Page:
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Research publication - Performance at Tate: Into the Space of Art (2016)

Public warm up with Boris Charmatz Part of BMW Tate Live: If Tate Modern was Musée de la danse?, 15–16 May 2015 Photo © Tate

Public warm up with Boris Charmatz
Part of BMW Tate Live: If Tate Modern was Musée de la danse?, 15–16 May 2015
Photo © Tate

In the 1960s performance was seen as fundamentally different from the sort of art that could be collected or shown within mainstream art museums. It was live, and its ephemerality challenged entrenched notions of art based on artistic skill, medium specificity and market value. But today performance has come to be seen as a set of strategies available to contemporary artists, one that is not inherently different from other art forms and not at all beyond the bounds of what a museum can and should present to its publics. Performance - as both live actions and repeated, captured and collected iterations - has become a major acquisition and display priority for Tate and other galleries in recent years.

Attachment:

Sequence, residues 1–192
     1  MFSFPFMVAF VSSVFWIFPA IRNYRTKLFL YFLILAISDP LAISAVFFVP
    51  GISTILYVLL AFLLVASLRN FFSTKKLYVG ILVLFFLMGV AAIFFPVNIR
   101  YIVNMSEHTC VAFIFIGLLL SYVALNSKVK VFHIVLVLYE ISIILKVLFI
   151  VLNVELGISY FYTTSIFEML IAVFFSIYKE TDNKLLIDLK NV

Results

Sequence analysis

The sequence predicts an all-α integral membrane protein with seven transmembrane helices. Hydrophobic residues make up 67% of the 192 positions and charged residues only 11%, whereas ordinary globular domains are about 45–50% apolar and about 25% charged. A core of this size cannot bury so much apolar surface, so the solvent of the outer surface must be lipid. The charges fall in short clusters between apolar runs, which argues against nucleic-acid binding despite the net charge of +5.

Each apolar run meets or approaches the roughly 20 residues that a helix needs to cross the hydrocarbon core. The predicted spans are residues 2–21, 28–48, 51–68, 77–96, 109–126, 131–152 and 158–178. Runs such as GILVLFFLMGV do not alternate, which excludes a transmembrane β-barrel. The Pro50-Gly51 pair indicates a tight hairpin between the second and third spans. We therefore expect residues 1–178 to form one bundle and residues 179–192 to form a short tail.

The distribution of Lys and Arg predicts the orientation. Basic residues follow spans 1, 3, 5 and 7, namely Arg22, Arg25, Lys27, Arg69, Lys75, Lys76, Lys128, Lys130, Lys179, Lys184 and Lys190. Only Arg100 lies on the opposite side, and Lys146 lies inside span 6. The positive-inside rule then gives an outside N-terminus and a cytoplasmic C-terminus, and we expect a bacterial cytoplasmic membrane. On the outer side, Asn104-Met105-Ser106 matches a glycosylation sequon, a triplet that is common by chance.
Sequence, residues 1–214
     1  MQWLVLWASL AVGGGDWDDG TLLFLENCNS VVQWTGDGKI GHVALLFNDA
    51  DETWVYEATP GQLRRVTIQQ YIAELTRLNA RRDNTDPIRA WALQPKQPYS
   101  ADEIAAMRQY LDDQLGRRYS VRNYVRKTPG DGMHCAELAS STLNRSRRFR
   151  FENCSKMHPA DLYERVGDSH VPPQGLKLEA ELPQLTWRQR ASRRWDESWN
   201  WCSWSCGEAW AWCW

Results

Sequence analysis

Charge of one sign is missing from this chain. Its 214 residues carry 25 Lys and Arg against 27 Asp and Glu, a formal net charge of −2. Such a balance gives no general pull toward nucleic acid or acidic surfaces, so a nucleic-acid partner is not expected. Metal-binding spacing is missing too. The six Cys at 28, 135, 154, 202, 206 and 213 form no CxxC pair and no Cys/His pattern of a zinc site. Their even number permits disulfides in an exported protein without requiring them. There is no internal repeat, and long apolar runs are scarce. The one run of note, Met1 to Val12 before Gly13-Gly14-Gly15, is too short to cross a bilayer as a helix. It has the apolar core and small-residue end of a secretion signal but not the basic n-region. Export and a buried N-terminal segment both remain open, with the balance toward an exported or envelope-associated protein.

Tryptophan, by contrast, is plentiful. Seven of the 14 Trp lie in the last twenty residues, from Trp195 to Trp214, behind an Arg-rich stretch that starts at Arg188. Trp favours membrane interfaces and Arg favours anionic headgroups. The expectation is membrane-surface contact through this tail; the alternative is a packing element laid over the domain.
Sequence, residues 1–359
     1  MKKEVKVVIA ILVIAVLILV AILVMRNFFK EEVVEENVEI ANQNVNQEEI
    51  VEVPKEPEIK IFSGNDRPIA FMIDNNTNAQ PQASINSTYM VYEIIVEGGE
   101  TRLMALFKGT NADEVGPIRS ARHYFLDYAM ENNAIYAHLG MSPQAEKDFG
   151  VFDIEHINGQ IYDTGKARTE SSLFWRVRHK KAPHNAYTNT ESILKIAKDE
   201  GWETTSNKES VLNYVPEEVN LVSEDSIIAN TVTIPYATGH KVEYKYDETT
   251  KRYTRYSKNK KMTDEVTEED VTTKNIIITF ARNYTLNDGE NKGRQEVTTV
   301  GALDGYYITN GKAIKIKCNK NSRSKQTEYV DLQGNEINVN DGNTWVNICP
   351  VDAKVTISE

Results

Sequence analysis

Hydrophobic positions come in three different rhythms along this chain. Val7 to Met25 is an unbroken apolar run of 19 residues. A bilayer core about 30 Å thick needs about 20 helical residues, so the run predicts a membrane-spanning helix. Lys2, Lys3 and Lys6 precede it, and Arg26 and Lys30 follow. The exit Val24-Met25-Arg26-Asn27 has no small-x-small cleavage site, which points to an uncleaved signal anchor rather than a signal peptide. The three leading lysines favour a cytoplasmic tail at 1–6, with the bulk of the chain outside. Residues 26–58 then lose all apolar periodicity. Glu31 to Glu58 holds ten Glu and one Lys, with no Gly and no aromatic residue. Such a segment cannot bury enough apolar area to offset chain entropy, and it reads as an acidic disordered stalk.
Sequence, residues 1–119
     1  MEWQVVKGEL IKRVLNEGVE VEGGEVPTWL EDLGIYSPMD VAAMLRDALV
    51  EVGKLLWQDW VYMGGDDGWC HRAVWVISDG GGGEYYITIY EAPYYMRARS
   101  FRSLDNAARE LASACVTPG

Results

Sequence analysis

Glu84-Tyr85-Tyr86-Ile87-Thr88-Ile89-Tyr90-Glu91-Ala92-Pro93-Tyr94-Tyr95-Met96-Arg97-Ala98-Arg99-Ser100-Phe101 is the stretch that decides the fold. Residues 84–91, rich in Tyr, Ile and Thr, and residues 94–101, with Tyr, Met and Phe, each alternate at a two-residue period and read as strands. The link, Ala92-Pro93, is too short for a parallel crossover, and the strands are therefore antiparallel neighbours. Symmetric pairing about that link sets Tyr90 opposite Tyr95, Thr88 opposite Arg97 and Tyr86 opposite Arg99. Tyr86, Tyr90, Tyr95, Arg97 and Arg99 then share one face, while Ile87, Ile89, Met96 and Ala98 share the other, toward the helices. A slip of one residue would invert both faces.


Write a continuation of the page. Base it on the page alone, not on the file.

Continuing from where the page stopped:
To map and investigate this shift in the place of performance in relation to art museums Tate launched in 2014 a two-year major research project in partnership with the University of Exeter. Funded by the Arts and Humanities Research Council, the project set out to trace the evolving nature of performance practices as seen through Tate's own history.


Now published on Tate's website, Performance at Tate: Into the Space of Art is a multi-layered exploration of the place of performance art and performativity in the museum. The lead essay by Jonah Westerman argues against seeing performance as a medium or genre and urges that it should be understood instead as an interrelated set of questions about how art relates to its audiences and the wider social world. The publication also provides detailed case studies of individual art works and events, together with an interactive timeline. Bringing together previously little known audio, films and videos, photographs, and museum documents drawn from Tate's Archive, the project reveals the richness and depth of the gallery's engagement with performance from the 1960s to today, offering new insights into the museum's role in framing and interpreting performance.


Performance at Tate: Into the Space of Art is one of an ongoing series of major online research publications that aim to throw fresh light onto the art and artists represented in Tate's collection.
 

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